Many think seem to think we should have nothing to do with Ukraine. However, I say, if we don’t exert our influence and power, we will lose that power and the world will become a more scary place. Our enemies are watching carefully and determining if we have become weak and lack resolve. We showed weakness in Afghanistan and we did not do near enough to deter Putin from attacking Ukraine. The world knew for months Putin’s attack was coming. Putin bided his time and judged our response before acting himself; we sent mixed signals and prevaricated. In other words, we showed weakness, and that was the real problem. Our enemies know what we are capable of, but they doubt we still have the will to use that power (unfortunately, our allies wonder as well if we will keep our commitments given recent events).
Other critics have focused on the problems with Ukraine itself. Ukraine definitely has its problems. It has a history of anti-Semitism; it has even been reported the army has an actual neo-Nazi battalion, the Azov battalion (I assume this to be true). The country has had a history of corruption in its short time since gaining independence (including deals to buy off President Biden’s son). We can stipulate to Ukraine’s many imperfections, but, at the same time, also decry the Russians actions in destroying Ukraine’s infrastructure and uprooting millions of innocent people (nearly one-fourth of the entire country’s population has been displaced). An invasion is not the appropriate response. War is never the appropriate response. Putin has no justification for his actions. The millions of people of Ukraine do not deserve this fate.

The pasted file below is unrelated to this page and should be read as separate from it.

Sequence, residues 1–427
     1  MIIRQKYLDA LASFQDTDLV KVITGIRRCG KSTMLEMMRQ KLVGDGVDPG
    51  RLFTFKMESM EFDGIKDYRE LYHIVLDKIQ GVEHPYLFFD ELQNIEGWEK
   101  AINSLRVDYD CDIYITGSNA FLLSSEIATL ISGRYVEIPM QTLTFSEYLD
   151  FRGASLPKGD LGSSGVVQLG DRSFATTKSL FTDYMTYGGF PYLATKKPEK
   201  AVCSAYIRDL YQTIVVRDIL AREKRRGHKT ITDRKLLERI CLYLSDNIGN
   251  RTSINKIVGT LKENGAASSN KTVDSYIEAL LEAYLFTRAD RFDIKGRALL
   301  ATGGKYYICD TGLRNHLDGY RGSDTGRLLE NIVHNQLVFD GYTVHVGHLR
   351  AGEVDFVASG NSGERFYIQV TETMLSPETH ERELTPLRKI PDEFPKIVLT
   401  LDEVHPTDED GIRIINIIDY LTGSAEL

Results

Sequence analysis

Still others say the U.S. has its own problems, that our interference around the world has ended in disaster. History does show the U.S. has intervened and sometimes created more problems than it has solved. Still, I think folks are just not seeing the serious consequences of this war. They are engaging in “what about-ism”: the U.S. made mistakes as well so who are we to attack Putin on his policies? There should be no moral equivalency, however.
I know this for certain: we are taking the moral position in opposing Putin’s advances in Ukraine. I compare this view to condemnation of all Christians and the Church in general because of the actions of some within that community. The Church is holy, but the members of the Church are clearly not; their sins corrupt their own souls and often the souls of others around them, but they do not corrupt the holiness of the Church itself or its message to all of humanity. God, the Church, and the Word remain the same while the corrupt individuals are here for only a while. The Church survives all of this chaos and continues to save souls. So, if the U.S. poorly implements foreign policy (or domestic policy as well) it does not mean that America stands on equal moral footing with evil dictators like Putin. Our message and our championing of freedom make us great still, despite the not so direct path we follow.
Some even want to blame the U.S. for provoking this war. Here is one comment I received:
We promised Russia that NATO would never go further east than Germany. The US has proven we are just as bad as the hated colony makers back in the day. The US is untrustworthy and is responsible for more unjust illegal deaths of innocent citizens in other countries than Russia. Americans need to be very cautious of their own leaders in believing anything about Russia.
Biden knew it well when he was not senile per his own admission: